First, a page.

AM Online

Car dealerships may have a part to play in the war on terrorism

They say you should embrace change and that for many it is something which drives them forward. Since I wrote my last column for AM, we have a new Prime Minister, the protagonists who argued for Brexit have stabbed each other in the back, there has sadly been repeated incidents of bloodshed on the streets of France and Germany, and somehow Boris Johnson is Foreign Secretary (at time of writing, at least – his capacity to cause a diplomatic incident could make his tenure short-lived).

Of all the events of the past month, the terrorist attack on July 14 in Nice again raised the spectre of a motor vehicle being deliberately used to cause death to innocent people.  

Jim Saker

Professor Jim Saker is
director of the Centre for
Automotive Management
at Loughborough
University’s Business
School and an
AM Awards judge.
He has been involved
in the automotive
industry for more
than 20 years.



Car bombs were widely used during the Troubles in Northern Ireland and car and truck bombs have been used with devastating loss of life in the Middle East more recently. However, apart from a small number of failed bombing attempts, including the Glasgow Airport attack, there has been limited use of cars and lorries as terrorist weapons in Britain over the past decade or so.

There is, however, an impending threat. The rise of the connected car and, in the longer term, autonomous vehicles may see vehicles become a more common terrorist tool.

As Nice showed, the risk does not come just from bombs. In fact, at a conference I attended recently in New York, a  scenario was put forward in which it would take just three cars suddenly stopping at high speed in strategic locations to gridlock the city. To bring London to a standstill, it was suggested that it may take only four or five.


Securing the connected car

Manufacturers are spending large sums to protect their cars’ computerised engine management systems.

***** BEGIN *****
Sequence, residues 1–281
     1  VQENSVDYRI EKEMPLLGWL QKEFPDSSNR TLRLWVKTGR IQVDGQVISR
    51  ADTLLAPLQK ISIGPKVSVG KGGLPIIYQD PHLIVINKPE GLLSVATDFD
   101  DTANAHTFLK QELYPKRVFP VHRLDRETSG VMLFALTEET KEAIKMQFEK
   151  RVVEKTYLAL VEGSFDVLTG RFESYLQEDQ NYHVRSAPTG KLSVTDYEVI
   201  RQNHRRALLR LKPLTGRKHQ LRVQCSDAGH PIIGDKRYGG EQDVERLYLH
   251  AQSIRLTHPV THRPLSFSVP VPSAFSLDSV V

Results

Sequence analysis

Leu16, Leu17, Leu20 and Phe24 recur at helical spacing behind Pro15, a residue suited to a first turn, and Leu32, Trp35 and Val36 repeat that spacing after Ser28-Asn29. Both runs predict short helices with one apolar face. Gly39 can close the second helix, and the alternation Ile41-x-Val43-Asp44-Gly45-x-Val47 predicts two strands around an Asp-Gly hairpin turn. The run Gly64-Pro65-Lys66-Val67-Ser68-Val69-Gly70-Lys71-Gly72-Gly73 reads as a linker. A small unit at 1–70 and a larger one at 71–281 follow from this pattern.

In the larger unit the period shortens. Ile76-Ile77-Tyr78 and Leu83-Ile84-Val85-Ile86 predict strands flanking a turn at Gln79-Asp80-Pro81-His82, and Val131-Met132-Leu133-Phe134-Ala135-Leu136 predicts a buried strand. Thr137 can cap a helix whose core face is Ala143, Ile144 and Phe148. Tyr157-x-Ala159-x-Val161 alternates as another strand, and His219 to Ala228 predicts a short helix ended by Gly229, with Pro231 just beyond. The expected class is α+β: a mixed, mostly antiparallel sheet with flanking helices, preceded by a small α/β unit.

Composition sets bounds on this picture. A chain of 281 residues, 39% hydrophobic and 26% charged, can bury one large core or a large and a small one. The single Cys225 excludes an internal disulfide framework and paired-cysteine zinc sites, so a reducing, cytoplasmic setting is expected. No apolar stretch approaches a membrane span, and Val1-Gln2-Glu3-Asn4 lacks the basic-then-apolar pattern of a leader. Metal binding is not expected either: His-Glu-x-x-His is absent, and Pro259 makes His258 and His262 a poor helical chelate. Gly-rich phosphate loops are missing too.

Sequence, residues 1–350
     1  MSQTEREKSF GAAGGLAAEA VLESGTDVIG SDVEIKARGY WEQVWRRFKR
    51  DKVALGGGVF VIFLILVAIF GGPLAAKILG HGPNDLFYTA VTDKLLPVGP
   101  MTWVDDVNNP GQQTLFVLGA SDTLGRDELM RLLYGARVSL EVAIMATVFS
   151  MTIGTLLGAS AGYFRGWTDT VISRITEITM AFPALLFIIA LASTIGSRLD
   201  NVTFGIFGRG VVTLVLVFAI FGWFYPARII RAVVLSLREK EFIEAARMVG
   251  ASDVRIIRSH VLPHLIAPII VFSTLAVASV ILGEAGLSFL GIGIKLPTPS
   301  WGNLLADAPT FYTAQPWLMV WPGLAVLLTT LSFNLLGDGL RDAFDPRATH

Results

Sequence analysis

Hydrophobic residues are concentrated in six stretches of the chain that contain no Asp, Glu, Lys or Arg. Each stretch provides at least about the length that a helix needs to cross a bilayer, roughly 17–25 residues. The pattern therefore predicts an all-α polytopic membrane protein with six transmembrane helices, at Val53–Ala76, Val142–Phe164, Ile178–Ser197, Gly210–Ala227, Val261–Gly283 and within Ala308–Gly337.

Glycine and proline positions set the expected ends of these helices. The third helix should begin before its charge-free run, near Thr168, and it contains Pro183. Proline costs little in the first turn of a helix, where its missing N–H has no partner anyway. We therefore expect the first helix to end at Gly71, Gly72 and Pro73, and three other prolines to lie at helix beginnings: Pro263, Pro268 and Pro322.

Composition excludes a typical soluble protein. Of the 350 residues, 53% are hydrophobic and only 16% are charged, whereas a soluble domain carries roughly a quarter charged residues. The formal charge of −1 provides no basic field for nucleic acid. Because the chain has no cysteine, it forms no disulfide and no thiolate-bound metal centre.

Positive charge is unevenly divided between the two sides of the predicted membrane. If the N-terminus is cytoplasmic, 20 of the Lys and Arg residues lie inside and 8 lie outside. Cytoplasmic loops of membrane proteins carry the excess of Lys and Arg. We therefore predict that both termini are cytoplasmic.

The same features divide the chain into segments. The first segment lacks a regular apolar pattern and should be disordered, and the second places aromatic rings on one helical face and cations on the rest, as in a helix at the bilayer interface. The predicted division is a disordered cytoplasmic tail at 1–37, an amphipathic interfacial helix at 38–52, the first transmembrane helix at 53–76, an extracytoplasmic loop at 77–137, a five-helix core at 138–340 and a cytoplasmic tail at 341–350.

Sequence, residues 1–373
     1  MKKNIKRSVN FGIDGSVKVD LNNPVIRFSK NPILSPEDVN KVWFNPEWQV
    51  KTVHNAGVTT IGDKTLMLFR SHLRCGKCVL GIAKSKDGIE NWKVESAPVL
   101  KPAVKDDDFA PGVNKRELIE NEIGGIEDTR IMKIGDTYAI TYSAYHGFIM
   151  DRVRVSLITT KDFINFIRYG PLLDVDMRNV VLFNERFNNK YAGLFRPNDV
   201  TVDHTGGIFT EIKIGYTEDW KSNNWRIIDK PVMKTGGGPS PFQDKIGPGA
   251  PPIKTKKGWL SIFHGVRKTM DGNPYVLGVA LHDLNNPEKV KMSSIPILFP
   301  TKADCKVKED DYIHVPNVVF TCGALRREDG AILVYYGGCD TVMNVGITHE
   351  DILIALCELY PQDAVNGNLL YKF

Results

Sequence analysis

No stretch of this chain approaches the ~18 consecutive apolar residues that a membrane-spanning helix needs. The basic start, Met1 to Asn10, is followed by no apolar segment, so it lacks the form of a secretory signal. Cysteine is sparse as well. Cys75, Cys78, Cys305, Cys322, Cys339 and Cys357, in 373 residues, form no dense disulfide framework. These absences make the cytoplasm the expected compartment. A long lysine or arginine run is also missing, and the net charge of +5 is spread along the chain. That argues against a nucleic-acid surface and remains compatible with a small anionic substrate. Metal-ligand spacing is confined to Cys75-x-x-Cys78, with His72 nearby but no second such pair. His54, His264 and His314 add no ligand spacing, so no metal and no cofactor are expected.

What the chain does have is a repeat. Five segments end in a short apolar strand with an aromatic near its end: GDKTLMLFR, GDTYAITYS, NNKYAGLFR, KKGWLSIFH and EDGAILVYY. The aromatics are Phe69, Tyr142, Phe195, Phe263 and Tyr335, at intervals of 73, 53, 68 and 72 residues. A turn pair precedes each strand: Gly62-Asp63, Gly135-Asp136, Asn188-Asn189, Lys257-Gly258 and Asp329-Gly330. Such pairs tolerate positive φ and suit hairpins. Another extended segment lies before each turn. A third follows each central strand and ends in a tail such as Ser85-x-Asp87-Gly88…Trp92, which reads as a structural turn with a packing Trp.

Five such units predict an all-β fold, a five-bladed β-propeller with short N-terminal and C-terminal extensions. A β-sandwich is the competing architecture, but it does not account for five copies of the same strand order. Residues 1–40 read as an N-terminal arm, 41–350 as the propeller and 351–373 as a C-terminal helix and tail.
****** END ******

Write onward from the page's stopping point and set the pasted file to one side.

There have, however, been reports that hackers have successfully compromised security systems on some Jeep models, the Nissan Leaf and the Mitsubishi Outlander. Some of these hacks were less serious, such as hijacking air conditioning and multimedia systems, but in the case  of the Jeep breach, brakes, steering and transmission were all capable of being remotely controlled.  

The dilemma is that the connected car has many benefits – not only to the driver, but also to the dealer and the manufacturer.

In servicing and maintenance, for example. As publicised in the aftermath of the disappearance of Malaysian Airlines flight MH370, Rolls-Royce uses a remote connection to monitor the performance of its aero engines and to identify faults. This allows the company to predict when an engine needs a service intervention and allows it to have staff and parts ready, keeping downtime to a minimum.

On the other hand, any form of remote connection presents security challenges. If someone can intercept or alter the signal, then the whole system, as with the Jeep hack, can become compromised.

The whole concept of the connected car is to communicate not only information about the car, but also the individual owner. There is an ongoing debate as to who owns this information and who should have access to it, most of which will be decided by the Data Protection Act.

The manufacturers will continue to try to make their cars as secure as possible and will invest heavily to ensure that there is high customer confidence and acceptance of this type of connection and data sharing. With sufficient time and investment, it is possible to envisage that the integrity of the cars will be secure from outside attack.  


Securing the dealership

However, even if manufacturers manage to perfect their security measures and individuals have all their data protected by law, another vulnerability remains.  

In this scenario, the vehicle is at its most vulnerable when it is being serviced. Handing over your connected car is a bit like handing over your laptop to a complete stranger and telling them all of your passwords. Whoever is working on the car will have privileged access to the protocols, so they can upload new software and also make adjustments to the existing car management system.

When I mentioned this to some of our students at Loughborough, they immediately said that with the right type of information they would be able to alter the performance of the car remotely and in fact could put on the emergency braking system or potentially disable the engine.

The problem with this level of access is that, apart from basic criminal records checks, there is no formal vetting or licensing of technicians in the retail automotive sector.

Changes in technology mean our sector needs to change its approach to data and software security. Licensing of technicians is inevitable – the issue is how the industry goes about implementing it without it being imposed.

Someone joked that the motor industry was responsible for the start of the First World War when Archduke Ferdinand’s car stalled, giving his assassin a point-blank target.  

I don’t think we will be responsible for the start of World War III, but if greater dealership security can help make our world safer, then maybe it’s a route we should take.

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